Dan Burcaw, founder and CEO of Double Encore, predicts on the Cult of Mac Web site that "...a year from now, developers and consumers alike are going to find the Android platform really disappointing."
Burcaw compares Android development to the downside of Linux development: "heavy on philosophy and egalitarianism, but quality control? Not so much."
He goes on to point out what he considers Android's biggest flaw for developers: too much freedom. There are too many variations of hardware (i.e. phones), and with Google exercising almost no control over what's published in its Android Market, development is much more time-consuming and expensive. For example, writes Burcaw, developer tools are immature:
"Android also shows its youth in the tools offered to Android developers. Consider the numerous devices problem: one would expect a set of tools that would help developers navigate the wilderness of multiple Android devices with varying screen sizes, resolution and even CPU speed. The Android emulator expects that you, the developer, configure profiles for each device you want to support. And I do mean configure. Every aspect of the hardware must be defined; there are no ready-made profiles for the current devices on the market."
He compares these drawbacks to Apple's iOS platform:
"Apple's an established consumer company; and it has an established developer platform that's been refined over the years -- along with a set of tools and clearly defined guidelines by which developers must abide if they want to participate...Apple's tools are very mature from a capabilities perspective, and this is a clear result of the platforms having been refined over its lifetime."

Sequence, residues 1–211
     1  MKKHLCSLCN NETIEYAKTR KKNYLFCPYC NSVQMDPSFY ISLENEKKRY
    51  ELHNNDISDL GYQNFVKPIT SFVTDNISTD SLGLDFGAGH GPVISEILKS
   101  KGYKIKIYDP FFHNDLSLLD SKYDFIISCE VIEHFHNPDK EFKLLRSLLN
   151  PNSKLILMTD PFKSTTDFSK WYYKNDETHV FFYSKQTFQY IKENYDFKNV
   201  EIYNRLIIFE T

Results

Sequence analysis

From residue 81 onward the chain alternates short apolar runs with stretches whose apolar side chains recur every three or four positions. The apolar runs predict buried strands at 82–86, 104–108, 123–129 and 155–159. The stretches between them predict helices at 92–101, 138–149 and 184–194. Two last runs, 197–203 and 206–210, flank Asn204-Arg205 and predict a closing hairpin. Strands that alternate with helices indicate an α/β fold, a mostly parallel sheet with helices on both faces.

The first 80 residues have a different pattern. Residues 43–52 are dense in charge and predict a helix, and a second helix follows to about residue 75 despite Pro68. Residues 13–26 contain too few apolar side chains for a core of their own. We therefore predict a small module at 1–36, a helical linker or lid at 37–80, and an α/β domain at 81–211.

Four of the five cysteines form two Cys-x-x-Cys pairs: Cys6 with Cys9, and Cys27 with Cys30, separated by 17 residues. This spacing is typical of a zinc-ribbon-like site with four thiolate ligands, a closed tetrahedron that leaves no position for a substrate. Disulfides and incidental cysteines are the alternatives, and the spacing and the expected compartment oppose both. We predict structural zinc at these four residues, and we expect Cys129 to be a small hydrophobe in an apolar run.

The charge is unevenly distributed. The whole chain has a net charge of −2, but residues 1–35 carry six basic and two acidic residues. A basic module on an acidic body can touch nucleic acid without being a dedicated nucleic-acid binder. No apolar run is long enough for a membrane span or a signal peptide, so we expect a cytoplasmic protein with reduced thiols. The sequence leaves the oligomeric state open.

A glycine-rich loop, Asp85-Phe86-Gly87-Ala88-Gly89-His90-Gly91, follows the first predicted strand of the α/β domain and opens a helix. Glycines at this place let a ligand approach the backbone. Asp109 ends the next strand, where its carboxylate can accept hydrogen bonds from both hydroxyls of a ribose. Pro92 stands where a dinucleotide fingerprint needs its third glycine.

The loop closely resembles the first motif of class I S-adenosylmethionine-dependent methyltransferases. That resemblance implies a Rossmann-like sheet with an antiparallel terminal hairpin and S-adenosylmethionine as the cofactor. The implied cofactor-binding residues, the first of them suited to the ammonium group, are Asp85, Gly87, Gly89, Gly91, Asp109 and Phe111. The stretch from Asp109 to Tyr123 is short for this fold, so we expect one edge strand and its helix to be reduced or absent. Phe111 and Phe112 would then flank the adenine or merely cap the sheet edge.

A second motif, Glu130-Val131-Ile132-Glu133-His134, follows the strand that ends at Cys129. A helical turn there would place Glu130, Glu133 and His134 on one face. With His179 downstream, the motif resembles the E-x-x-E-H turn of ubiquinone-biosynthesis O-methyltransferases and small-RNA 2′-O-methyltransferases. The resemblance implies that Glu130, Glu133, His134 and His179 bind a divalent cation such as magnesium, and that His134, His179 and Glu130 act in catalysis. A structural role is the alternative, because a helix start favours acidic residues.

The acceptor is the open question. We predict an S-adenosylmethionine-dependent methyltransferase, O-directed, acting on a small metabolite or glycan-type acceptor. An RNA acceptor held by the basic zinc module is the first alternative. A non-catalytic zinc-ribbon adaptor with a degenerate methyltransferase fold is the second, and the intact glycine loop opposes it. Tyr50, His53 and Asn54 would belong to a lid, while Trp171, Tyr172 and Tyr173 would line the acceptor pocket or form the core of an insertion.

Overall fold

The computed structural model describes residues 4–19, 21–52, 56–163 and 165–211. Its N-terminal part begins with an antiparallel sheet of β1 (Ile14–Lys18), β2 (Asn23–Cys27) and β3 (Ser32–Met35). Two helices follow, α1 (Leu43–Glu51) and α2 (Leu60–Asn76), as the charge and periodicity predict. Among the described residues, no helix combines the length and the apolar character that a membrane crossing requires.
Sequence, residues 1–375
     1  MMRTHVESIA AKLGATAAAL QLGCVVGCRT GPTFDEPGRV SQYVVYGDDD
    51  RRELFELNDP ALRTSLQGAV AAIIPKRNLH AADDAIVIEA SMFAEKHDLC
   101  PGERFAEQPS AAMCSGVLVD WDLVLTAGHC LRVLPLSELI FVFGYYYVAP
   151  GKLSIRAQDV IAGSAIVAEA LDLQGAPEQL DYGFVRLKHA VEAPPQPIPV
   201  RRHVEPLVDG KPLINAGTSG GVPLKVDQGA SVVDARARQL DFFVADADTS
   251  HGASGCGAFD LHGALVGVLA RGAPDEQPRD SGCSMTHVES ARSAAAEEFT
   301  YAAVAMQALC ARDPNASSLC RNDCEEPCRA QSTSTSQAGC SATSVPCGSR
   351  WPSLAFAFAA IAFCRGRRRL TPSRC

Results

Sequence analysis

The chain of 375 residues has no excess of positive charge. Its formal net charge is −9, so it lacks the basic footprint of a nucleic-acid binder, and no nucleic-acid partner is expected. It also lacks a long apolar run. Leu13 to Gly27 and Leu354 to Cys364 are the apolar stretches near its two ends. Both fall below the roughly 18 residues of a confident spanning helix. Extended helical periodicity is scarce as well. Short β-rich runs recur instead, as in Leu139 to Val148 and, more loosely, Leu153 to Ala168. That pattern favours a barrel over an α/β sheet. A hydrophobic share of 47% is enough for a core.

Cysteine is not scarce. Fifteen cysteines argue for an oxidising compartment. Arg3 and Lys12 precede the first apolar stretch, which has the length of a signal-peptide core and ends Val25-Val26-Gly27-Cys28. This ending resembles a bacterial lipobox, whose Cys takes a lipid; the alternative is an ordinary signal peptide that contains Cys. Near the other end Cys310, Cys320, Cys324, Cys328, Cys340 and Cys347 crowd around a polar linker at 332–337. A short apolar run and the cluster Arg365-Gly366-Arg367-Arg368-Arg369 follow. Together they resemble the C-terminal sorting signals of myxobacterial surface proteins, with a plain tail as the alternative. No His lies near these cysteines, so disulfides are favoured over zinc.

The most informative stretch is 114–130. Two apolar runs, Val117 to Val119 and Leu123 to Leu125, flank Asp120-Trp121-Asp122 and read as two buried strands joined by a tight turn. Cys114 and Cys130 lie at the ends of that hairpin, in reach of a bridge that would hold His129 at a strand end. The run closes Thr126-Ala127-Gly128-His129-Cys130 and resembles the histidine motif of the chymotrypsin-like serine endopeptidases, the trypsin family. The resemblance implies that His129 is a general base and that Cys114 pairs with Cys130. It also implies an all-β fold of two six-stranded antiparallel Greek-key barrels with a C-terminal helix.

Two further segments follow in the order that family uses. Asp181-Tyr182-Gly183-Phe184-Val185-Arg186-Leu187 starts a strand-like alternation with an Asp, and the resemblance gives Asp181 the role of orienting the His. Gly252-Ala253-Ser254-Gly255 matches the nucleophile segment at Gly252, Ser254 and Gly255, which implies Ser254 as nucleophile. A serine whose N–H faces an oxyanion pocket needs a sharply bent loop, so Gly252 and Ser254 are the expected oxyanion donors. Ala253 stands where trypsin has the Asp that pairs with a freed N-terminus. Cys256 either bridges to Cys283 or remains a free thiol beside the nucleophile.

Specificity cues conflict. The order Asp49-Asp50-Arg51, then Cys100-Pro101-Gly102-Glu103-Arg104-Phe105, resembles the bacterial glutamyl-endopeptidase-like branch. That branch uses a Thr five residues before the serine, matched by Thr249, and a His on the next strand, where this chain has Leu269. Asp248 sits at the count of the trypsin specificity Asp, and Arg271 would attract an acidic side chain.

While Burcaw does acknowledge the tight control Apple keeps on app development, he sees it as a positive: "I can count on the quality. I don't have to worry about the apps I write not working from one handset to another. I can't say that about Android."
He concludes: "If Google doesn't fix its consistency and quality soon, it will find its Android marketplace deteriorating and the brand as a whole will suffer from confusion."
Of course, not everyone agrees, and a number of comments below the article challenge Burcaw's assertions. "Bob" says more development tools, which the Android platform provides, are better: "Over on the Android side, there are more tools (if you hate Eclipse) and the default language is one all developers know anyways (Java)."
He also points out that if Apple rejects an app, it means wasted time and resources for the developers: "Then there's the arbitrary gatekeeping of the app store. You could invest tens of thousands and try to create a company on your app, only for some wiener at Apple to decide your app looks too much like a desktop three months after approving it. Developers need stability, and they just don't have that on iPhone."
Randy Magruder makes a similar point, saying there's no consistency in Apple's decisions to accept or reject an app:
"They are there because the user base is there, not because Apple is so awesome. Many horror stories have gone public about companies investing in a technology only to find that Apple took an interest in that space and slapped their apps right off the market. You want a password-protected podcast downloader? Can't have one."
"Max" also prefers to develop on Android: "I know both worlds (iOS + Android) very well and have to say that Android has some very powerful concepts which I miss on iOS. And the development environments of both worlds are equal."
Not according to Burcaw. "So, Google and Android: learn the lessons of Linux -- a little less freedom, a little more quality and consistency? That's where you should be headed."
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